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Wally Findlay Galleries, Palm Beach
Private collection, USA, acquired from the above in April 1975
This work is accompanied by a certificate of authenticity issued by Didier Imbert.
Painted in 1898 this oil landscape, shows Loiseau’s sophisticated approach to capturing rural landscapes. In both 1890 and 1896, Loiseau exhibited in the Impressionist exhibitions, with this piece proving indicative of the level of artistic maturity he had acquired towards the turn of the twentieth century.
The long, spindly trees, often a hallmark of Loiseau’s oils, become the main subject of the piece. Together with the small group of birds, the trees greet the immersive, soft-blue sky and exude a profound grandeur. The bottom right-hand side of the composition is dominated by haystacks, an iconic motif included in the work of many of the most renowned Impressionist artists. Claude Monet, known for his renderings of haystacks, chose this subject as a way of elevating the everyday, he wanted to show how painting could turn seemingly mundane objects into masterpieces. With Paysage d'Automne à Nesle la Vallée, we can imagine Loiseau also doing the same. He approaches the landscape with a delicacy, and he achieves what can be described as a humble beauty. While he lived in Paris for much of his life, the countryside served continually as a muse, and this sentiment is beautifully conjured by his oil paintings.
Today, Loiseau is recognised as one of the most significant French artists, with his work shaping our understanding of Impressionism and more broadly, the landscape genre. His work can be found in the Metropolitan Museum of Art in New York, the Museo Nacional Thyssen-Bornemisza in Madrid, and the Tokyo Fuji Art Museum, to name just a few international institutions.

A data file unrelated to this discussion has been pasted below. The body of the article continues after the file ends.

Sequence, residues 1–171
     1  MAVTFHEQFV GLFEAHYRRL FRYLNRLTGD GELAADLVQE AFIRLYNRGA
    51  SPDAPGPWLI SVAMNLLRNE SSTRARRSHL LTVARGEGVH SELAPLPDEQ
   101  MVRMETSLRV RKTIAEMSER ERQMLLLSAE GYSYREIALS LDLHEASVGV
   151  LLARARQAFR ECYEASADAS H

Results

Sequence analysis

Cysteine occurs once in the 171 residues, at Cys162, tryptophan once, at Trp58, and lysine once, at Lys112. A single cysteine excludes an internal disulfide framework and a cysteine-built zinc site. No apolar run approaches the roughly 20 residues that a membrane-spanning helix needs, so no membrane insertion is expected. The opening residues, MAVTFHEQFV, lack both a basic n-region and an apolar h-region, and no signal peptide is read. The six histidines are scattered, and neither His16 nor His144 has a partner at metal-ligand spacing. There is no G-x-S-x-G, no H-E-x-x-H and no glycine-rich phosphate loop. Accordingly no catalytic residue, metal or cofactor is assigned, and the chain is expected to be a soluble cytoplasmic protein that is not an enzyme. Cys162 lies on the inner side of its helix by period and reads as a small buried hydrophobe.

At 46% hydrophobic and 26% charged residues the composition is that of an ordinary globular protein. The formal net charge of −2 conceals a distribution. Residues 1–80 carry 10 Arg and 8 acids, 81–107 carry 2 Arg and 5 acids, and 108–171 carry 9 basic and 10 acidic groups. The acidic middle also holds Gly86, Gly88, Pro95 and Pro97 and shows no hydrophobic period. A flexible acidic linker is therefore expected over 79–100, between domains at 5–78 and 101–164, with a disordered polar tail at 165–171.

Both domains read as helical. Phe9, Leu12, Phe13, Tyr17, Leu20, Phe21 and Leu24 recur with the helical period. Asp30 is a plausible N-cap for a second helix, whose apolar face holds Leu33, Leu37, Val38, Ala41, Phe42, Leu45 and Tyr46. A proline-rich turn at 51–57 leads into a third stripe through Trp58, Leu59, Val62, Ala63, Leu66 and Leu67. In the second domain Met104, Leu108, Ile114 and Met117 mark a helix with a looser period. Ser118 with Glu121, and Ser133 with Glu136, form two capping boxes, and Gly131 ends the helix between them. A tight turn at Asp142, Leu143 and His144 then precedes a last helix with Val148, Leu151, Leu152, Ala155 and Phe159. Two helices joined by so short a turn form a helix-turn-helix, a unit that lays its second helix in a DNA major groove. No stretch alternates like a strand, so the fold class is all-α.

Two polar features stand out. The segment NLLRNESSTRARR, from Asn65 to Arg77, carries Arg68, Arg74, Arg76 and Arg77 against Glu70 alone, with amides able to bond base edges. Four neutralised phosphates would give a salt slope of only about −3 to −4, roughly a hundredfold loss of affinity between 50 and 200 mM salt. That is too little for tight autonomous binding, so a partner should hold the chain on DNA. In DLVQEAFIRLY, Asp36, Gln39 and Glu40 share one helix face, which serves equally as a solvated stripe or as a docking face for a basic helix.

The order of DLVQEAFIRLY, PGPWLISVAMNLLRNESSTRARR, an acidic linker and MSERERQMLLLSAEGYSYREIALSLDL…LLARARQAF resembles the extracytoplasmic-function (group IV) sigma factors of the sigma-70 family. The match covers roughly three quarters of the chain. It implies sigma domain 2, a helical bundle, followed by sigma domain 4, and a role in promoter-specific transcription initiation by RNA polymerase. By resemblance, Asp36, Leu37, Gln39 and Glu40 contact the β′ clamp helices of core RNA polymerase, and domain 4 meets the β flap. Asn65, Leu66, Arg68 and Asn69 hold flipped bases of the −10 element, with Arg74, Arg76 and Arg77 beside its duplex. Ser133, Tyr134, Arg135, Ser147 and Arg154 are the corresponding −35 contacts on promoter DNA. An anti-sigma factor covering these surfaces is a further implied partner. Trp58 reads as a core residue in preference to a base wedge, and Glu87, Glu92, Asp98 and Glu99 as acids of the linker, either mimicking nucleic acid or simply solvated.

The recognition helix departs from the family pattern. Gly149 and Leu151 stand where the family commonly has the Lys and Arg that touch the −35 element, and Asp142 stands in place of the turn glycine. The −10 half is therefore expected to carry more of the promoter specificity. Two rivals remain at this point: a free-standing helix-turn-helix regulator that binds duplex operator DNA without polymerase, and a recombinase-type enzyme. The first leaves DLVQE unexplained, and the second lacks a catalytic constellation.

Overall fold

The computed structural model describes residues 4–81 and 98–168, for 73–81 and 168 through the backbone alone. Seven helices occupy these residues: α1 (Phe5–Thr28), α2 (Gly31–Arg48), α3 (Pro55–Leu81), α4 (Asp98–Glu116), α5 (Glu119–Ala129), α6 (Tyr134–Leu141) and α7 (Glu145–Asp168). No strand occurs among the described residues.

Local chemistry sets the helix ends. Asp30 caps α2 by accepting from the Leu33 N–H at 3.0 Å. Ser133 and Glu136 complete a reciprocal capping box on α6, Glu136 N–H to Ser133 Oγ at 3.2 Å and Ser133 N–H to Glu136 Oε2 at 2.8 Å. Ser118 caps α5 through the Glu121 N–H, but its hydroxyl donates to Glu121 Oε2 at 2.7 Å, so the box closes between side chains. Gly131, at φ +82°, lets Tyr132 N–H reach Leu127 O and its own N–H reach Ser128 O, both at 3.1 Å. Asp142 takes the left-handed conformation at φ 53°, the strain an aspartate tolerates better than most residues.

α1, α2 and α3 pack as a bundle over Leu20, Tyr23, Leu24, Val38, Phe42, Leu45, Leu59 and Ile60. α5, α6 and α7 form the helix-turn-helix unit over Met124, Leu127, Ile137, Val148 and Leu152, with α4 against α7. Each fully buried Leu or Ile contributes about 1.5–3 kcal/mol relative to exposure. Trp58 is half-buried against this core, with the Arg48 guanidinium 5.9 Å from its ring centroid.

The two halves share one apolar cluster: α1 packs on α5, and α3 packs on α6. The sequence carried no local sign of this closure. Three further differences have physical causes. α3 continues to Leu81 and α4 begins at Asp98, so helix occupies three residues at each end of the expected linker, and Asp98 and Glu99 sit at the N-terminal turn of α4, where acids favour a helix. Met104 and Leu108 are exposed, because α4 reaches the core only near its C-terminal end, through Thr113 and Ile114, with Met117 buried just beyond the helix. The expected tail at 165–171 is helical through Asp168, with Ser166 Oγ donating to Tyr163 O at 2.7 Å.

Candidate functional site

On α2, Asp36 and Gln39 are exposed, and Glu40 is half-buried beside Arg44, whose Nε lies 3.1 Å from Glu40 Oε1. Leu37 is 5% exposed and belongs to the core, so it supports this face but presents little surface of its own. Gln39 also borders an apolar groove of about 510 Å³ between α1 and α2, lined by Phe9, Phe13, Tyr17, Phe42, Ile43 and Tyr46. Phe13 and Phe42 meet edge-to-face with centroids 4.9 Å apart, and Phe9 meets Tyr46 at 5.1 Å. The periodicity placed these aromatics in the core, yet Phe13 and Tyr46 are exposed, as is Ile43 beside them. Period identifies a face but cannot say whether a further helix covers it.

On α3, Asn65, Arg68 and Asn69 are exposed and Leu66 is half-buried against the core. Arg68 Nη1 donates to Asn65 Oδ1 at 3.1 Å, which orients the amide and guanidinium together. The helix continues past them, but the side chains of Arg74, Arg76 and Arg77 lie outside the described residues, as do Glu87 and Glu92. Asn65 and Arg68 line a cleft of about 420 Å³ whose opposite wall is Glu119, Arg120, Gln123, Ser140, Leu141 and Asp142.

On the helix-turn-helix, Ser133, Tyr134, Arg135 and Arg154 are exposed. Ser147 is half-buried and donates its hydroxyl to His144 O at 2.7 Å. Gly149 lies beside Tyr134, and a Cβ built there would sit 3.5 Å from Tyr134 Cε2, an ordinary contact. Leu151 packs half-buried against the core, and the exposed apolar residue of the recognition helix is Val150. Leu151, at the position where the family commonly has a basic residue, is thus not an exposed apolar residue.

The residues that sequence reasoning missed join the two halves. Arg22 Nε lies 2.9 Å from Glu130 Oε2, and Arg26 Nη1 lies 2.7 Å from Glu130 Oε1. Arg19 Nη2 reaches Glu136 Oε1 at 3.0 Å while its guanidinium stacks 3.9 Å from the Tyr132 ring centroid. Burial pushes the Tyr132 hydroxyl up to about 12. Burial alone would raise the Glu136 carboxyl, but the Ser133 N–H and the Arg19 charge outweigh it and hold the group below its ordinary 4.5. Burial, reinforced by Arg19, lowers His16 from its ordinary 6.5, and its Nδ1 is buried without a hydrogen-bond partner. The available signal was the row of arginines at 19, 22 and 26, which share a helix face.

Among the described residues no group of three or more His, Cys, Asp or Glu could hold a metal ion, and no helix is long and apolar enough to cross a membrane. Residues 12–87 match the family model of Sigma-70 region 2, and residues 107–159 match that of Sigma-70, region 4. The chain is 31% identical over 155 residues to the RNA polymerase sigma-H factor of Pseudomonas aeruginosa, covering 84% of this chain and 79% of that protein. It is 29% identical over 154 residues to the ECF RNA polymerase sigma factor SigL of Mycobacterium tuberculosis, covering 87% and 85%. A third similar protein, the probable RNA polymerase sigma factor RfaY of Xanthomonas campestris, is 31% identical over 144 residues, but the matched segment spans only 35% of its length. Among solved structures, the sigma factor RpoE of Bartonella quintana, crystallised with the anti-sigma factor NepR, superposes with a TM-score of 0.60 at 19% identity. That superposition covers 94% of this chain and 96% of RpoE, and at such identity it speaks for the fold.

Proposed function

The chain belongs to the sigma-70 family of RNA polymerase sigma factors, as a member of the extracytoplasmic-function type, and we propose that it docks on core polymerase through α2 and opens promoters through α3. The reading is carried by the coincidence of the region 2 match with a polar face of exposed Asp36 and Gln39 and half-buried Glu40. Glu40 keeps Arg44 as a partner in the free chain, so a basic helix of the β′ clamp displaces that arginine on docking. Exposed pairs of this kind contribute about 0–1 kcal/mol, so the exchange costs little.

This original painting by Gustave Loiseau is available for sale.
Gustave Loiseau was born 3 October 1865 in Paris. A Post-Impressionist painter, he is remembered above all for his landscapes and scenes of Paris streets.
Brought up in Paris and Pontoise by parents who owned a butchers shop, Loiseau served an apprenticeship with a decorator who was a friend of the family. In 1887, when an inheritance from his grandmother allowed him to concentrate on painting, he enrolled at the École des arts décoratifs where he studied life drawing. However, a year later he left the school after an argument with his teacher.
While working as a decorator, Loiseau redecorated the apartment of the landscape painter Fernand Quignon (1854-1941). After he left the École des arts décoratifs, Quignon tutored him in painting. In 1890, he went to Pont-Aven in Brittany for the first time, fraternizing with the artists there, especially Paul Gauguin and Émile Bernard. After experimenting with Pointillism, he adopted his own approach to Post-Impressionism, painting landscapes directly from nature. His technique, known as en treillis or cross-hatching, gave his works a special quality.
Loiseau first exhibited at the Salon des Indépendants in 1893 and at the Salon de la Société Nationale in 1895. He also exhibited at Impressionist exhibitions in 1890 and 1896.
Loiseau's paintings, revealing his passion for the seasons from the beginning of spring to the harvests later in the autumn, often depict the same orchard or garden scene as time goes by. Series of this kind, which also include cliffs, harbours or churches, are reminiscent of Claude Monet. Although Loiseau did not complete many portraits, he often painted people at work: dockers together with their boats, villagers leaving a Sunday service in Brittany or arriving at the market in Pont-Aven, or even carriages in Paris driving across the Place de la Bastille and the Étoile. He is also remembered for his paintings of Paris streets such as the Rue de Clignancourt or the Avenue de Fiedland. From the 1920s, he painted many still-lifes.
Loiseau died 10 October 1935 in Paris.